Government needs to change how it does business, legislators say

Rep. Jan Angel (R-Port Orchard) addresses the Port Orchard Chamber of Commerce as Sen. Tim Sheldon (D-Potlatch)looks on.  - Charlie Bermant
Rep. Jan Angel (R-Port Orchard) addresses the Port Orchard Chamber of Commerce as Sen. Tim Sheldon (D-Potlatch)looks on.
— image credit: Charlie Bermant

A full contingent of Washington state legislators from two local districts addressed about 65 people at a forum on Monday night sponsored by the Port Orchard Chamber of Commerce, calling for a restructuring of government and an increase of support for small businesses.

“This year’s budget is a challenge,” said Sen, Derek Kilmer, (D-Gig Harbor). “We need to make investments in the business climate and provide tax relief for small businesses. There needs to be some way we encourage these businesses to start up, or hire more people. We are in a deep recession. Traditionally, the small businesses and not the large corporations that lift us out of a recession.”

In addition to Kilmer, the panel consisted of Rep. Larry Seaquist (D-Gig Harbor) and Rep. Jan Angel (R-Port Orchard), Kilmer's 26th District colleagues, and Sen. Tim Sheldon (D-Potlatch), Rep. Kathy Haigh (D-Shelton) and Rep. Fred Finn (D-Thurston County).

This year’s 60-day legislative session begins Jan. 11.

It is designated as a “non-budget year,” intended to correct and amend the budget passed during the last session.

Economic conditions have not improved, and legislators have indicated the necessity to continue the cuts imposed in 2009.

The Legislature cut $3 billion from the budget in 2009 and its immediate mission in the coming session, according to several of the speakers, is to cut an equivalent amount for the next two years.

“We’re not going to recover from this recession anytime soon,” Seaquist said. “We’re looking at a long, hard 10 years of high unemployment, high costs and low revenue. So we need to grow businesses. We should form a task force in each region to determine specific ways to get appropriate businesses to develop in those areas.”

The specific ideas mentioned to support business growth have to do with tax credits and fee restructuring. So if a business with limited resources no longer has to pay a tax or a fee it will be able to hire more people.

“My daughters run a dance studio across the street,” Angel said. “They have asked me many times why the B&O (business and occupations) tax can’t be figured from the net and not the gross.”

Kilmer said it was important to support veteran-owned businesses and give former military personnel credit for the experience they have gained in the service.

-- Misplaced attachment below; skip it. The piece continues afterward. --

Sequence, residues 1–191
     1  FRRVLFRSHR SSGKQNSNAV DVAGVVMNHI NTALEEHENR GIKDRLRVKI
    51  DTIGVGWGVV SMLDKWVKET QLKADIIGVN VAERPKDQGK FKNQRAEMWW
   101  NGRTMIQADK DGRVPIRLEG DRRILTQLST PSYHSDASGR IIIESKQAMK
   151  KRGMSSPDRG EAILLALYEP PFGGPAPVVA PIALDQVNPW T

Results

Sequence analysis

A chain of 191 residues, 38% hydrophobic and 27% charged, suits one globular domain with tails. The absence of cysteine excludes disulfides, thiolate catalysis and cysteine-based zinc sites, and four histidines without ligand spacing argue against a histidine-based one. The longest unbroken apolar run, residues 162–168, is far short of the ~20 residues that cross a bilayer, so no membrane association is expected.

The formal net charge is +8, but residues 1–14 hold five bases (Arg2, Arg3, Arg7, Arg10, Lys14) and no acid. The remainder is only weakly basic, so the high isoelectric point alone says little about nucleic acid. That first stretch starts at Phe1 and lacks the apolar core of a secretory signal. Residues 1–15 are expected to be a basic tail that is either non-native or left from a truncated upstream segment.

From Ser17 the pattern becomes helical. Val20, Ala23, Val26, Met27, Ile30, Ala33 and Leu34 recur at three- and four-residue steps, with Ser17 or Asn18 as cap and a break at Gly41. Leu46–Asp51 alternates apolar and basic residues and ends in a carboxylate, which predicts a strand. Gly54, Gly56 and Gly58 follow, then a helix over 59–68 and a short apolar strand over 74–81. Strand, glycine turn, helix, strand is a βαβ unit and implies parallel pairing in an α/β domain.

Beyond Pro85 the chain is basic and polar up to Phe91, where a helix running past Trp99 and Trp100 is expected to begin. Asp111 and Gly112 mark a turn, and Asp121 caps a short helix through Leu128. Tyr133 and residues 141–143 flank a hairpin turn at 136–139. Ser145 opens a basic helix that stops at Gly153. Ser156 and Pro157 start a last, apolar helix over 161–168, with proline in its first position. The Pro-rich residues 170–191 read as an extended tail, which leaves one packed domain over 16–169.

He also recommended that community colleges accept credit from specialized technical colleges, which they currently do not.

“I have found that students who are graduating from technical colleges have to repeat the same courses they have already taken if they want to continue their education,” he said. “This doesn’t make sense in a time when the classes are overcrowded and the colleges can’t accommodate all of the students who want to attend.”

Sheldon restated his support for getting the state out of the liquor business and selling franchises to retail stores to stimulate local economies.

He said the state-run liquor authority is inefficient, for its practice of shipping and receiving all the liquor in the state from a single Seattle warehouse.

“Private business would never run its entire inventory for a single location in an area the size of the state,” Sheldon said. “It’s more efficient to have multiple distribution sources.”

Sheldon said that privatizing the liquor business is only the beginning.

”Why do we need a state printing office,” he asked. “Why can’t we just go to Kinko’s?”

Several of the speakers called for a more bipartisan climate in the Legislature, noting that both houses and both parties need to work toward common goals.

Angel, the lone Republican on the panel, said it was up to the Democrats to implement this.

“The majority party has been in charge for a long time,” she said. “It’s up to them to make the compromises so things can change.”

The forum was one of the first events to be held at the newly opened Port Orchard Pavilion. The audience was predominantly chamber members and local business people, while several elected officials were also in attendance from the county, cities and all three Port of Bremerton commissioners.

Each legislator made a short statement, followed by a question-and-answer period.

Several of the questions were actually statements from the usual local political activists.

Kitsap Alliance of Property Owners (KAPO) President Tim Matthes, for example, underscored property owners’ rights while South Kitsap School District board members Chris Lemke and Kathryn Simpson spoke out against further secondary education cuts.

Even if this was expected, it was necessary.

Seaquist, who has been warning voters about the brutality of the upcoming budget process for months, has implored those with special concerns to stay in the Legislature’s face in support of those issues.

During the public segment, Dick Davis challenged the lawmakers to develop a credible long-term solution.

“You need to show us something that is positive that you are going to work on and try to improve,” Davis said. “I know you don’t work on this one bill at a time. I know this is serious problem, but we need to see a 10-year plan where you tell us what you are going to do and what you want us to do.

“You need to work with us and trust us,” he said, “so we can all make it happen. It’s not about how much money you can make by shutting down the liquor business. That’s a false choice."

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